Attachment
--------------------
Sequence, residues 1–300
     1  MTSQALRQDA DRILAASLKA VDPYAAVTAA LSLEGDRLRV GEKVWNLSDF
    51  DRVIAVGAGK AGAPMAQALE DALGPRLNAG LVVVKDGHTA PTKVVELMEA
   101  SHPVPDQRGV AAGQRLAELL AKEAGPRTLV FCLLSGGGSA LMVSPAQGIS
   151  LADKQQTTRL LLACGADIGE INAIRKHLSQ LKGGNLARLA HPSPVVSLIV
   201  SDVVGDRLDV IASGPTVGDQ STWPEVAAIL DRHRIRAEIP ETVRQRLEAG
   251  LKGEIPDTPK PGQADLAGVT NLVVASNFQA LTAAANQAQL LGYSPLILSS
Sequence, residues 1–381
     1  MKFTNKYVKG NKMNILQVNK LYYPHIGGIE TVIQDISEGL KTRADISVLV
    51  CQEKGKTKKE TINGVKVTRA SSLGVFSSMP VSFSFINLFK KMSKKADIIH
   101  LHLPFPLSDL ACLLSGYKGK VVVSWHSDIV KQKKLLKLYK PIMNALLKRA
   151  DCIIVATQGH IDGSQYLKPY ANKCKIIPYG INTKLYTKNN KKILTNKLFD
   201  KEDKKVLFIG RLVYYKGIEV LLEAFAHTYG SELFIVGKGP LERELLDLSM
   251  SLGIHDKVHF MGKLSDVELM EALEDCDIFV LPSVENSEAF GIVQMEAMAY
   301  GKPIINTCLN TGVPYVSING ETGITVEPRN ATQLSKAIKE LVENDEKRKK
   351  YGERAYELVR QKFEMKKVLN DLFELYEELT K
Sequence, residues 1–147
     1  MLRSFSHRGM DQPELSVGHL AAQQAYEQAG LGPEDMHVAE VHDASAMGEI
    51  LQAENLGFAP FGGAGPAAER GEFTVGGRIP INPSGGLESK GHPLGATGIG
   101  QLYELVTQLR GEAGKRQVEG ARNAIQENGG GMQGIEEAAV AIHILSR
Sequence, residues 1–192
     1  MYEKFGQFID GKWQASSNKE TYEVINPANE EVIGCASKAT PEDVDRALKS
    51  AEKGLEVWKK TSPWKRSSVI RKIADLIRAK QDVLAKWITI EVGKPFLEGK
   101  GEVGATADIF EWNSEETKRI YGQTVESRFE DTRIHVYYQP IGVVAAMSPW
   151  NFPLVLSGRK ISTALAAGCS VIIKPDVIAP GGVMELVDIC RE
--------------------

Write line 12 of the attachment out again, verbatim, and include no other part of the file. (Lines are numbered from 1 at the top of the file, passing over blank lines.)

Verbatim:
   151  DCIIVATQGH IDGSQYLKPY ANKCKIIPYG INTKLYTKNN KKILTNKLFD